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Soils Report & Tests: How to Get a Pad Certification 

In our last blog post we discussed the importance of geotechnical engineering and soil testing. We also discussed the different kinds of tests and reports that can be done during a geotechnical or soils investigation. Today we are going to explore the next step in the process which is obtaining your pad certification. Obtaining your pad cert requires you to have your soils report and tests so let's dive in.


According to UpCodes, a pad certification is an interim grading report that is stamped and signed by a registered design professional (i.e an engineer) certifying that the building pad currently is in conformance with the recommendations made in the geotechnical report.

While each municipality may have their own quirks and requirements, at Specialty Engineering we will not issue you a pad certification without the following items.


Items Needed to Obtain Your Pad Certification


1. Geotechnical Investigation Report (AKA Soils Report)

If you read our last blog, you are aware of the importance of starting your project on the right foot by getting a geotechnical investigation report. This report can also be referred to as a soils report. A geotechnical investigative report is written once the necessary soil tests are completed. These tests are mostly likely Standard Penetration Tests or borings. Other common tests may include hand-hammers or penetrometers.

Once the tests are completed in the field, the results are analyzed. Then the engineer responsible for the geotechnical portion of your project can write the report. The soils report will summarize the soil conditions found on site as well as set forth the recommendations for the kind of foundation that should be used on the site. This is inclusive of how the pad for the foundation should be prepared.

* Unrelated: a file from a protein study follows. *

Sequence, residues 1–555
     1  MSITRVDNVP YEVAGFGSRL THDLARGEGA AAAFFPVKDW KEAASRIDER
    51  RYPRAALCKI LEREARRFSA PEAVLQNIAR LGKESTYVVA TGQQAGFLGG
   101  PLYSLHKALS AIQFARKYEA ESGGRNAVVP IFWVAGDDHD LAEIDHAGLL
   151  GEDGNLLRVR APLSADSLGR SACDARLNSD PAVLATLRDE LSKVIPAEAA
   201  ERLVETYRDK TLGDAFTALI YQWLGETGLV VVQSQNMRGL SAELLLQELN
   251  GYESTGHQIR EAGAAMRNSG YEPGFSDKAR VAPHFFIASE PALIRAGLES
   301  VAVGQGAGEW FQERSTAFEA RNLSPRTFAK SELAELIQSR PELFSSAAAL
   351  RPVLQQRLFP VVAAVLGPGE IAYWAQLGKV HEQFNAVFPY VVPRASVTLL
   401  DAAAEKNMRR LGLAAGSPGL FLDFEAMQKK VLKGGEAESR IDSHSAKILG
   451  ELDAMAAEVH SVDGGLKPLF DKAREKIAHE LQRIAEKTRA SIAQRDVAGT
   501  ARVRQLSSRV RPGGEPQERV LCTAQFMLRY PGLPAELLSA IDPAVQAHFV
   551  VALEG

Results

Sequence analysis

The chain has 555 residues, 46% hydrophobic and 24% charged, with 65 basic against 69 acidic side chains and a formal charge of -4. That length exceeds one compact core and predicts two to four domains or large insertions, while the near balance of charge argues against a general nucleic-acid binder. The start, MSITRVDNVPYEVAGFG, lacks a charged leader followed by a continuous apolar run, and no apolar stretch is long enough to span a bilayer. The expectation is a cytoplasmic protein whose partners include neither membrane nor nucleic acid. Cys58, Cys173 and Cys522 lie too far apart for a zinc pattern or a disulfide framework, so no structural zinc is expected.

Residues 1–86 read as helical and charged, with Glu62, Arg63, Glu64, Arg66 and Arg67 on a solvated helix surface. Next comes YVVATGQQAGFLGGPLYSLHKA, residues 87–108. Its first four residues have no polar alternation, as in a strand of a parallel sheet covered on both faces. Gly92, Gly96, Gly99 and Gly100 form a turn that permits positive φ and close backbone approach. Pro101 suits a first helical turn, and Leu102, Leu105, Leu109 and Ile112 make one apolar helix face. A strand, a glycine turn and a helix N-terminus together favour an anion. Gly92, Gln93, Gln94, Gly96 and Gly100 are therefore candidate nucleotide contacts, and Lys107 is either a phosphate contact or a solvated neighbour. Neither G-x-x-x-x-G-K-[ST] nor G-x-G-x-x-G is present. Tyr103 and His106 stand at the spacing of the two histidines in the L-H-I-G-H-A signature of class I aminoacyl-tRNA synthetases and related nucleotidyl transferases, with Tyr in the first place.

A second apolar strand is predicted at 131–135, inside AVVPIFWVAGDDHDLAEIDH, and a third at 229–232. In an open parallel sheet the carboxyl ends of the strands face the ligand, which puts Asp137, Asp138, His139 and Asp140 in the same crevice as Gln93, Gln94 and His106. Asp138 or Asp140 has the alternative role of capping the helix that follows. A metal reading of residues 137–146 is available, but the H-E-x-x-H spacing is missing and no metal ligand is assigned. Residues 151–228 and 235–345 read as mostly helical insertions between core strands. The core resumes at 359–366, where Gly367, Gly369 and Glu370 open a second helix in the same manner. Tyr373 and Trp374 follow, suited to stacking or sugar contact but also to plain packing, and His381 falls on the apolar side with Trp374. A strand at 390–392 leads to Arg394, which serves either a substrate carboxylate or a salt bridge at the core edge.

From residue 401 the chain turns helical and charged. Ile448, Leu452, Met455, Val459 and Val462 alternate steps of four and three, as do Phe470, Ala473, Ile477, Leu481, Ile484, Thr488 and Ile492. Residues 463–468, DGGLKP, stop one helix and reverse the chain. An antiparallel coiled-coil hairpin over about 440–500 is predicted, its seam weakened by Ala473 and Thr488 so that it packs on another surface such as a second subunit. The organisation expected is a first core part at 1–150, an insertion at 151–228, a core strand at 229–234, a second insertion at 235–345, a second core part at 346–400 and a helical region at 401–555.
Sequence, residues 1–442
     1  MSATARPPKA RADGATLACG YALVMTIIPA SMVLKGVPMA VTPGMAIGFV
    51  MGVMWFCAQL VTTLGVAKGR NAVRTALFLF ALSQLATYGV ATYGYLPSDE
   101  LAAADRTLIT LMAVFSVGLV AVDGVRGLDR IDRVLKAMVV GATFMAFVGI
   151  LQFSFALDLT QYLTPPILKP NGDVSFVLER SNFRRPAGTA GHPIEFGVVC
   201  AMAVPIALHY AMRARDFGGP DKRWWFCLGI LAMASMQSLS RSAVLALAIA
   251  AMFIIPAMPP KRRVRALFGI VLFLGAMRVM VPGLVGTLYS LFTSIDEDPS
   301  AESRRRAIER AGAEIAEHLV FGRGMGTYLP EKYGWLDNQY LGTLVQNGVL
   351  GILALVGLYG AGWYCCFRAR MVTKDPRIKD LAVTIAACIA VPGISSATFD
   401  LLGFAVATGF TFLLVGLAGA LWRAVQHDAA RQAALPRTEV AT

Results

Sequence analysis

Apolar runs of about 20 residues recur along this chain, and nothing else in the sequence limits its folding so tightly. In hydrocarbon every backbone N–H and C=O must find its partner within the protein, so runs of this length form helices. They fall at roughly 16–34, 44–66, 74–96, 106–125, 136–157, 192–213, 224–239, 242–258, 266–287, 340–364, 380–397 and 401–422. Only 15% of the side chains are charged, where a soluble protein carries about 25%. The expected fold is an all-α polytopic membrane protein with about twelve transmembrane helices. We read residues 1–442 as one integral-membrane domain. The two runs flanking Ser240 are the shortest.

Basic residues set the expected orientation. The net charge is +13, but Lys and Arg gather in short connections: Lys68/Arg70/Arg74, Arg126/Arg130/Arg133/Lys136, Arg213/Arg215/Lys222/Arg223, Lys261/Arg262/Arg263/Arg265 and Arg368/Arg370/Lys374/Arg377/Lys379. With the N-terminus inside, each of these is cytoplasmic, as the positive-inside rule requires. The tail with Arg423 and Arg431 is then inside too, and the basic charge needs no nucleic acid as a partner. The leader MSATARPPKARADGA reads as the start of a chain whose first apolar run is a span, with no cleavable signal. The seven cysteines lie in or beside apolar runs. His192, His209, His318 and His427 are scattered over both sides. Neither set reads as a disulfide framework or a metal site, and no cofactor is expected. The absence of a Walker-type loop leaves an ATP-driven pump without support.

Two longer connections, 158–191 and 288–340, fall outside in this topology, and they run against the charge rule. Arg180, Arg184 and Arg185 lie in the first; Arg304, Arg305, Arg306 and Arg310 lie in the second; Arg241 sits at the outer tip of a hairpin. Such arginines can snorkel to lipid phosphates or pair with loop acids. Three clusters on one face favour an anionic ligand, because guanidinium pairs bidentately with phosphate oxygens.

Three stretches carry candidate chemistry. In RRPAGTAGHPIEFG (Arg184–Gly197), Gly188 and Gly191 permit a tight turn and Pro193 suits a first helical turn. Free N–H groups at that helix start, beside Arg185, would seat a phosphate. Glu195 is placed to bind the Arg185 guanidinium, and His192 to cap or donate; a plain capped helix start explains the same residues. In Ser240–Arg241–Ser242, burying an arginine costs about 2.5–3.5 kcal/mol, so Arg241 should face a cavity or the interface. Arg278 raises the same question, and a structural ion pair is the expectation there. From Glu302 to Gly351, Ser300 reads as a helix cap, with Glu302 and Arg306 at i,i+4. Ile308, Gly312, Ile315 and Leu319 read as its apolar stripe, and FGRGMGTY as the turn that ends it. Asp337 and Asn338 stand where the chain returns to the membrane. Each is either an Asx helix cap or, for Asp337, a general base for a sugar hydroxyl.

2. Soil Testing: Proctor & Densities

We previously discussed, what proctor and density tests were in our last blog. However, you need to obtain the reports from these tests for your pad certification as well.

Your proctor test is necessary every time you are prepping a pad because it acts as a control group for all other tests to be compared to. Your density tests then gauge the compaction level of the soil as the building pad is being prepped. Please note that density tests may also be called Soil Compaction Tests.

Without your pad certification you may not receive approval of your project form your local municipality. Your municipality may also require you to produce copies of your soils report when you are applying for approval of your project.

It is not necessary for the geotechnical report and the soil testing to be done by the same engineer. However, there are benefits to having one firm handle the entire process. If you use two different engineers make sure they have access to all of the necessary reports. Your engineer that is issuing the pad certification letter will need your soils report.


At Specialty Engineering, we like to make the process as easy as possible on our clients by offering an all in one solution. We have been leaders in the inspection and construction materials testing industry for over 20 years. We are also leaders in the field of geotechnical engineering under the expertise of Mark LeBlanc, PE. Additionally, we can also aid our clients in creating the plans necessary to submit your project to your local municipality. A talented staff of engineers are prepared to help with mechanical, electrical, plumbing and structural plans. Contact Specialty Engineering to help with all of your construction needs today.


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